One of the most frequently repeated words since all this began one year ago in March is “normal.”
From the beginning, we asked ourselves – along with the scientists and the politicians – when do we get back to “normal?” Or what will the “new normal” be like?
I've got quotes around all these phrases, because it is becoming abundantly clear we may not get back to that “normal” anytime soon. Maybe not again.
And that's a tough one to swallow, personally and of course, professionally.
In the world of radio, Nielsen provides us with a monthly checkup of the return to “normalcy,” at least when it comes to radio listening. And while many consumers are listening more than they were back in March 2020 (Nielsen's benchmark), the numbers still trail their original levels. And of course, the same is true of radio sales for most broadcasters in most markets.
It's one thing to measure radio listening. The Holy Grail is gaining an understanding of the activities people feel safe enough to pursue. Fortunately, Morning Consult has been conducting “waves” of interviews since the pandemic began.
The chart below illustrates the roller coaster ride we've been on the past year or so. And this one breaks it down by comfort levels doing activities like attending a concert or a theater.
There's encouraging news here. The most recent survey from earlier this month illustrates a sense of optimism we haven't seen for these entertainment activities. And that's a good sign.
But as we also learned throughout 2020, you can't take anything for granted. This chart clearly shows how COVID often worked in unpredictable ways, dashing our enthusiasm at various points during the year. That feared “4th Wave” is something we've heard a lot about these past few weeks, even as the U.S. has been vaccinating millions of its citizens every day.
We just don't know.
And that's a perfect segue to radio. That's because we've operated for decades like we understand how consumers use us. Now only has that been changing, it may be forever changed.
I was educated and trained to be an audience researcher. That was never about determining the most popular Queen song ever recorded. Any moron can figure that out.
Instead, my mission was to study and gain a deeper understanding of the audience, their perceptions and their behavior. That's how you more effectively learn how to serve and entertain them.
It has meant using a combination of investigative techniques, beyond analyzing the ratings: focus and LAB groups, perceptual studies, music and dial tests, and even ethnography. Jacobs Media has been involved in three “ethno” studies over the past 15 years where we've all but moved in with consumers – observing them using media and technology.
I depend on those combined insights in almost everything I do – in the way I advise stations, broadcast execs and their teams, and other clients looking to learn how to navigate our ever-changing waters.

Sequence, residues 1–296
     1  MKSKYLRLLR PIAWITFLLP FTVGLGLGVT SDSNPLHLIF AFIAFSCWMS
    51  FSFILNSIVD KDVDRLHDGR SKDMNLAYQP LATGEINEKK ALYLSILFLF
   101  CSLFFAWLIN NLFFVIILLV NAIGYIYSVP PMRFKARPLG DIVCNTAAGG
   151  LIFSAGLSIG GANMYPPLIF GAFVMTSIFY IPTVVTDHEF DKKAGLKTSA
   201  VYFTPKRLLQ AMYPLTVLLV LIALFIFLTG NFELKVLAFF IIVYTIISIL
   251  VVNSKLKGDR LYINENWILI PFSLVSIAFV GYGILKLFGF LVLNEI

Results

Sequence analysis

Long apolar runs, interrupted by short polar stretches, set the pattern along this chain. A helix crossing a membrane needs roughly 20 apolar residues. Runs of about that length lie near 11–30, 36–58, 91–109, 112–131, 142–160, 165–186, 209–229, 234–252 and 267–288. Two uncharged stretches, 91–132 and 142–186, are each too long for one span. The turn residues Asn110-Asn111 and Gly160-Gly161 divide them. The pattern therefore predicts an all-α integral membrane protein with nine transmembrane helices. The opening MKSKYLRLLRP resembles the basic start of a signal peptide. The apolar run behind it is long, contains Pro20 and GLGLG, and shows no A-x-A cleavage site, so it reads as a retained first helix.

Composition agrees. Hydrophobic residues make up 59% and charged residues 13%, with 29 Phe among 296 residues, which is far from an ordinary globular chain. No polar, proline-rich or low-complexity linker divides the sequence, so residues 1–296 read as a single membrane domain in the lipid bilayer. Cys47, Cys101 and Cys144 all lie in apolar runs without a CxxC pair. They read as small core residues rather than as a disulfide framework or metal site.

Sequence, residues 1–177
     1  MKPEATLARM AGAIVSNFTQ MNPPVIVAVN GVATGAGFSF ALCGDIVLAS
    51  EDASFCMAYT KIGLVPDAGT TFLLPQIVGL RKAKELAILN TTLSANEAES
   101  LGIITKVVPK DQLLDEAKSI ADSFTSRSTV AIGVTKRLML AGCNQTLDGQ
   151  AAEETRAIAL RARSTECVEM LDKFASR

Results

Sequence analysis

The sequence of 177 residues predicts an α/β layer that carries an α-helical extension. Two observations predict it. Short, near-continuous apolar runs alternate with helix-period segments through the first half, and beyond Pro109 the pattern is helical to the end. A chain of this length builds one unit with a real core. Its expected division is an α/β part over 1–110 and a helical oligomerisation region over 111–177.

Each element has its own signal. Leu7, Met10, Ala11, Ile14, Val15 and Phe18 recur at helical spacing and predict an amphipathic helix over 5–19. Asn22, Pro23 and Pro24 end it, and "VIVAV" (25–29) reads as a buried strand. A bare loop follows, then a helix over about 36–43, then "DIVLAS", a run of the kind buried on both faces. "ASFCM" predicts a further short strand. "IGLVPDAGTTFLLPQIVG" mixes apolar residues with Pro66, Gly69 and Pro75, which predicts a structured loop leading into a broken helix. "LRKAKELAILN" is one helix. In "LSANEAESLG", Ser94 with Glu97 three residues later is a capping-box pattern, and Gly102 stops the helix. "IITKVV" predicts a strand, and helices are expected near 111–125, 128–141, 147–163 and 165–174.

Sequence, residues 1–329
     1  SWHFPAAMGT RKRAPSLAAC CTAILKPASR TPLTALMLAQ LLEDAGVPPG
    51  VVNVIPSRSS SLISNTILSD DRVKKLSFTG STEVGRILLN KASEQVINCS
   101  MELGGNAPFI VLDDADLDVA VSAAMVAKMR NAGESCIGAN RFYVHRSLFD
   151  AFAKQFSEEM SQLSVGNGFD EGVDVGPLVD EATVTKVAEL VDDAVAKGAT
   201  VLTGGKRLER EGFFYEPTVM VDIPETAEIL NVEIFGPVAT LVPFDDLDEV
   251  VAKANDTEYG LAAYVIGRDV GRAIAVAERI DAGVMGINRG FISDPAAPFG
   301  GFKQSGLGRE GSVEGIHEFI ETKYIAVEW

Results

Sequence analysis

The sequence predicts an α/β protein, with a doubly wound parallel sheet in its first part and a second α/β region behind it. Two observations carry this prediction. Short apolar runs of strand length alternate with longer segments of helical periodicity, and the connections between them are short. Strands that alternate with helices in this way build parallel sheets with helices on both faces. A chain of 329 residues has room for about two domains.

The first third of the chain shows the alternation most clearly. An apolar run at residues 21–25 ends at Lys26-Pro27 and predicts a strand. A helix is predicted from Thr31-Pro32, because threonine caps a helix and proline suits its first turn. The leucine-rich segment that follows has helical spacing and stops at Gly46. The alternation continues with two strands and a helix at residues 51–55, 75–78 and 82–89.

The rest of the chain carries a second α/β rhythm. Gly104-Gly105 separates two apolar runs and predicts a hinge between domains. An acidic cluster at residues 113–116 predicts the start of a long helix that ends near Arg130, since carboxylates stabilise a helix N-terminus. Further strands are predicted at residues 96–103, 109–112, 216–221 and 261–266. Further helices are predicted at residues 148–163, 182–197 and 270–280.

But then COVID happened. And while we can wait and watch the Nielsen reports and Morning Consult “waves,” we'd better wrap our heads around the notion no one is going to punch our return ticket to the place we once knew as “Normal.”
In fact, there is every indication we're not going back – certainly not to the place we left what seems a lifetime ago in February 2020.
Many of the “givens” we could always count on are now at best iffy, thanks to a combination of changing times and a global pandemic. Prior to COVID, many of the conditions we're experiencing now were already in play. But events of the last year have acted like an accelerant.
Consider some of the assumptions we've always made about how radio is used and enjoyed by millions of consumers.
The “drives” always dominate – It's always been about morning drive as the #1 daypart, followed by afternoon drive, thanks for the most part to workplace commuting, as well as school transporting hours. Radio has always been dependent on two key conditions – a strong employment base coupled with traffic jams.
Now, we're looking at a post-pandemic situation where many may not be returning to work. Or if they're still employed, they may no longer be at their desks in an office or other conventional place of work. That will impact those PUMM levels in PPM, as well as diarykeepers drawing the line down the page, signifying hours of listening to a morning or afternoon show.
Dealing with the changing value of “drive time” might have an effect on fundamental issues – the rate of talent pay, contract length, ratings bonuses, and rate setting. It may not be just a matter of changing the hours of a show.
Personality shows are already going above and beyond their dayparts, creating content for “after hours” podcasts, on-demand content, videos, and social media content. Those “extra curriculars” are likely to continue.
Groups of people listen to radio at work for long durations – Our Techsurveys show that many workers enjoy having radio – or other content services – on in the background while they do their jobs. But for the same reasons mentioned above regarding “drive times,” the at-work listening paradigm has shifted. “Group listening” will be diminished as people work from home, return to the workplace only on certain days, and no longer do their jobs in the same spaces as their co-workers.
Every home has several working radios – I recently happened across an Encyclopedia.com blurb that grabbed my attention. It talked about the ubiquitous presence of radios in the home front, late in the previous century: